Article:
As Colorado inches to Election Day, its status as a swing state has not dimmed — and Weld County, a traditionally conservative stronghold encompassing Greeley and much of the Eastern Plains, is being eyed by many as one of a handful of counties that could make or break the election for either party. Two years ago Gov. Bill Ritter stunned observers by winning Weld by a squeaker. This year, with a hotly contested congressional race and shifting party affiliations — fewer Republicans and more Democrats, percentage-wise — Weld is squarely in the spotlight.
Voter registration in Weld County favors Republicans, who hold onto 38 percent of the electorate, while 26 percent of voters are Democrats and 36 percent are unaffiliated. Despite the Republican majority, Weld County voter registration numbers have slowly trended away from Republicans in recent years, according to data from the Weld County Clerk’s office. Four years ago, Republicans had a tighter grip on voter registration, with 44 percent. Democratic registration, at 21 percent, was lower than today. Unaffiliated voters held the same 36 percent of registration as today.
The reason for the demographic shift, with higher Democratic and lower Republican percentages, is not easy to pinpoint, observers say, but the impact this year could be big.
“Those (numbers) are not good news for the Republicans,” said Colorado State University political science professor John Straayer. “Not all of the unaffiliated voters will vote Democrat, but more will than won’t. A numerical surge like this means that folks are not happy, and unhappy voters are looking for alternatives.”
Democrats seem to be hearing the same message.
Opening the doors
Despite the county’s strong GOP base, Democratic presidential candidate Barack Obama has opened a campaign office in Weld County’s largest city, Greeley, twice — first before the state’s caucuses in February and then again this summer. Obama campaign officials have said the office in Greeley, whose population is more than 20 percent Latino, is part of their larger effort to reach out to Hispanic voters in Colorado.
Meanwhile, Democrat Betsy Markey, who is challenging Republican Rep. Marilyn Musgrave for the 4th Congressional District, has also opened a campaign office in Greeley and has spent much of her time campaigning in Weld County, including spending the night of the Colorado caucuses there. Markey, embattled in a close race with Musgrave that has turned increasingly negative in recent weeks, has openly talked about the importance of picking up votes in Weld if she hopes to beat Musgrave, a three-term incumbent.
Weld is one of 16 counties in the geographically vast 4th Congressional District, which encompasses most of the rural Eastern Plains as well as larger cities along the north Front Range including Fort Collins, Longmont and Loveland. Straayer, who has closely watched the 4th CD for more than 40 years, said the outcome of one county probably won’t be enough to swing an election in the 4th, but it will certainly have an impact.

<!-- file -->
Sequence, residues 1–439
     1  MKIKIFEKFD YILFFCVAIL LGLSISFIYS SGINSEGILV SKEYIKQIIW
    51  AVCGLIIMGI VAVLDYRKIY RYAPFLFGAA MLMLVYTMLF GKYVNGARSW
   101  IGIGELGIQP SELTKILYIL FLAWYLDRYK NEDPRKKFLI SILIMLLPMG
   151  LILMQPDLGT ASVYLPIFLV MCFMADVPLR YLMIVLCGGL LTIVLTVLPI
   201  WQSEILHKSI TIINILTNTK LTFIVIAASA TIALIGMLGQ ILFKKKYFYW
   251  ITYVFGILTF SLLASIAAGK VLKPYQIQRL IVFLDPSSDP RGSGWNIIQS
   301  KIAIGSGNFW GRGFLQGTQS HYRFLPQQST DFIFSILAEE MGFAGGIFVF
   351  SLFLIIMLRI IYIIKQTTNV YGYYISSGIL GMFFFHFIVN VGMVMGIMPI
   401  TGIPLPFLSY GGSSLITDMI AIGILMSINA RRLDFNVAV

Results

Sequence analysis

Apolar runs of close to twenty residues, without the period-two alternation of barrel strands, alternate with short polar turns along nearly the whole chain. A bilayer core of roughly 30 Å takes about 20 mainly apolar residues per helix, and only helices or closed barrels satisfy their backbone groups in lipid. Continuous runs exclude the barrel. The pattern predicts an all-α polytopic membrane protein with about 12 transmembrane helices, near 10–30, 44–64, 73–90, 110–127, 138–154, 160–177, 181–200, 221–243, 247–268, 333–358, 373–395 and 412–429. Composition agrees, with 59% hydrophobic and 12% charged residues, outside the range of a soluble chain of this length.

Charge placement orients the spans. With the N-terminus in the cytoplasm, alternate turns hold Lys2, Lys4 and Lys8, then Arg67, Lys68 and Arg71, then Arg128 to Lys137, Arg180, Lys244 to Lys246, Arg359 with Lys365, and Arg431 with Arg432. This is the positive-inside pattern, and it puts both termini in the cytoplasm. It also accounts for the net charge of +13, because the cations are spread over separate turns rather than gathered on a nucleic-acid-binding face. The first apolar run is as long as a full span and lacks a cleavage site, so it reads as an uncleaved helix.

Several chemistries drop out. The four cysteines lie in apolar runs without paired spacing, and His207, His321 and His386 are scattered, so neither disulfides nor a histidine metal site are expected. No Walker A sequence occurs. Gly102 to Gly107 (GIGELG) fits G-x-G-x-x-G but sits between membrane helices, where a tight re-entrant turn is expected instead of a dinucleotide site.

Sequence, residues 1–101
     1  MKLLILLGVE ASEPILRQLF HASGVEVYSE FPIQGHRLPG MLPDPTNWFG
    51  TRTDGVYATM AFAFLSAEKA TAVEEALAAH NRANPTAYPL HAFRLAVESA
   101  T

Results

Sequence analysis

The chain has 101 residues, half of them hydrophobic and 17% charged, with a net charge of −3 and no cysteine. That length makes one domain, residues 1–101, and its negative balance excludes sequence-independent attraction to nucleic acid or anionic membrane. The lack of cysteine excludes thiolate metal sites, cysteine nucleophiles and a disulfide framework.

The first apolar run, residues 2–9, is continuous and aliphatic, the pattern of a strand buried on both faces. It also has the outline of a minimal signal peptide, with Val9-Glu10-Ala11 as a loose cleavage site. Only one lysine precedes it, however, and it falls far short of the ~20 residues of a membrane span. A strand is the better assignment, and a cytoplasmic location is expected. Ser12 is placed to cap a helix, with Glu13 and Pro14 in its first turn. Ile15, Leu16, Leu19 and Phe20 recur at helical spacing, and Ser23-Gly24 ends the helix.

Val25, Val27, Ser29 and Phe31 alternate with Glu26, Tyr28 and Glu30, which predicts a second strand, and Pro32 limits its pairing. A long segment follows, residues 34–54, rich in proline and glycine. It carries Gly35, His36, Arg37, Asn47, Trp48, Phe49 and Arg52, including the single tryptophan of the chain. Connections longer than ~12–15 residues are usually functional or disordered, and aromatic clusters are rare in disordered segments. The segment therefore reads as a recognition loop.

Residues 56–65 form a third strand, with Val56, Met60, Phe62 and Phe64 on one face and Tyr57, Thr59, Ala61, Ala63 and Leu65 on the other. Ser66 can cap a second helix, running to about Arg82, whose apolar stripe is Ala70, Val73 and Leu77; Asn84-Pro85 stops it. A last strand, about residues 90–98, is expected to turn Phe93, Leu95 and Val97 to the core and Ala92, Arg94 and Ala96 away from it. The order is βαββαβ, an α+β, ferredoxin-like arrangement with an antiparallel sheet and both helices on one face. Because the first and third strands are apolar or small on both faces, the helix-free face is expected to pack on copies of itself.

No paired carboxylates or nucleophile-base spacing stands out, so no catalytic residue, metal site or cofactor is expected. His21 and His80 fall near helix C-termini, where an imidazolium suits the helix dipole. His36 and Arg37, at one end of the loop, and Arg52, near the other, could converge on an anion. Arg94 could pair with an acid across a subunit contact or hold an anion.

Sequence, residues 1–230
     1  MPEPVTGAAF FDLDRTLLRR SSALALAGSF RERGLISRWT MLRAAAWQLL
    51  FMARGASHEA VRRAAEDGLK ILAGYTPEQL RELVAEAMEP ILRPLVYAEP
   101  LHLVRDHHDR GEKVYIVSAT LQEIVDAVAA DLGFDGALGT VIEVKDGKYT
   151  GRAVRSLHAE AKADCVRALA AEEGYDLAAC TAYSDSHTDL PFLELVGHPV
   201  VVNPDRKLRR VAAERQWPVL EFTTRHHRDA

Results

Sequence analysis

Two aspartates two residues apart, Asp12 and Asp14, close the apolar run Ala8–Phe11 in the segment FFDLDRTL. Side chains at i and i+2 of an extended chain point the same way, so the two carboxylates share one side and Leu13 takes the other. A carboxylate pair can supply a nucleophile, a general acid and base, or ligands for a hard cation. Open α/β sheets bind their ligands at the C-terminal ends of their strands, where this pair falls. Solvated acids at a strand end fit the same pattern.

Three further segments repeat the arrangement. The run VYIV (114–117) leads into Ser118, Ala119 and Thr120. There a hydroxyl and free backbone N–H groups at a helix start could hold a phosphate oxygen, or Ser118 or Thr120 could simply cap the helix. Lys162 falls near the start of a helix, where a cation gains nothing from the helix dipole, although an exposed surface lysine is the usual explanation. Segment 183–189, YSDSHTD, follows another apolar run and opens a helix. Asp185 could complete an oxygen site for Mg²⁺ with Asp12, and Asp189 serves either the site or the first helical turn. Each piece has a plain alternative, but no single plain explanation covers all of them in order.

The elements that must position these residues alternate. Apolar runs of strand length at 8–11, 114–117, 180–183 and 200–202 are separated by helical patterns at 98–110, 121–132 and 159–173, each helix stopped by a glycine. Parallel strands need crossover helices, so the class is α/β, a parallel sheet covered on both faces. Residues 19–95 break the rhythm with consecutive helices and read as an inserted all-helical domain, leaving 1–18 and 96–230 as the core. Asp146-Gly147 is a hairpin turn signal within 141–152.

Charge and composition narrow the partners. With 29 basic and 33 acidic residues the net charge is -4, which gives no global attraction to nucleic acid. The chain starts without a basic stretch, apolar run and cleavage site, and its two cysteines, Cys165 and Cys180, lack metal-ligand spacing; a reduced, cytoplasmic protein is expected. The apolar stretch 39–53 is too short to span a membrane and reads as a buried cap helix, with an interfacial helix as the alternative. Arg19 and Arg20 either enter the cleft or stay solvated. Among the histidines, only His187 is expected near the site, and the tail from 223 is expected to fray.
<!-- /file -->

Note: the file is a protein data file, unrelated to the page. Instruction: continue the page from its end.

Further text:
“I don’t know if you could predict a Dem victory based on the numbers from one county, but it does mean that in Weld, Musgrave is very unlikely to get the same percentage she received in prior races,” Straayer said.
In 2002, Musgrave beat Loveland Democrat Stan Matsunaka with 54 percent of the total vote including 56 percent in Weld County. In a second race against Matsunaka, the former state Senate president in 2004, Musgrave gained 50 percent of the total vote, including 53 percent in Weld.
Continuing the trend, in 2006 when Musgrave ran against Fort Collins Democrat Angie Paccione, she carried 45 percent of the total vote, including 48 percent in Weld County. Reform Party candidate Eric Eidsness took 11 percent of the total vote and 13 percent in Weld County.
In total, Musgrave’s margin of victory in 2006 was less than 3 percent, the smallest of her career.
In addition, Democratic Gov. Bill Ritter won the county by 300 votes two years ago over Republican opponent Bob Beauprez. Although Democratic Sen. Ken Salazar didn’t win Weld County over his Republican opponent Pete Coors in 2004, his margin was much closer than any Democratic Senate candidate in decades.
Election Day scramble
With so many more people registering to vote in Weld County this year, Clerk and Recorder Steve Moreno said his office has been working overtime to get county polling locations ready. Despite the efforts, Moreno said he is expecting long lines at the polls this year.
“In 2004, we had two early voting sites and had 10,000 people use them,” Moreno said. “This year we have added three new sites and are expecting that we could have 20,000 voters processed through them before the election. We have sent out mailers to voters explaining the early voting options, have promoted mail balloting and have placed (announcements) in the local media as well. We want people to know what the situation is.”
The efforts of Moreno and other Colorado clerks were made harder this year by what seemed at times to be a never-ending feud between county clerks and the Colorado Secretary of State’s office over what could be considered a certified voting machine. The Legislature got involved to help solve the problem, but for many, like Moreno, it was too late.
“We had planned on buying many more voting machines to deploy across the county, but because of the controversy over the certification process … the (commissioners) and I decided it was not a good idea to invest another $500,000 in machines that might not be available for use,” Moreno said. “We have been able to rent an additional 40 machines from a neighboring county, so we’re hopeful that will help speed lines up on Election Day.”
This is the first in a multi-part series profiling a number of Colorado’s politically important counties.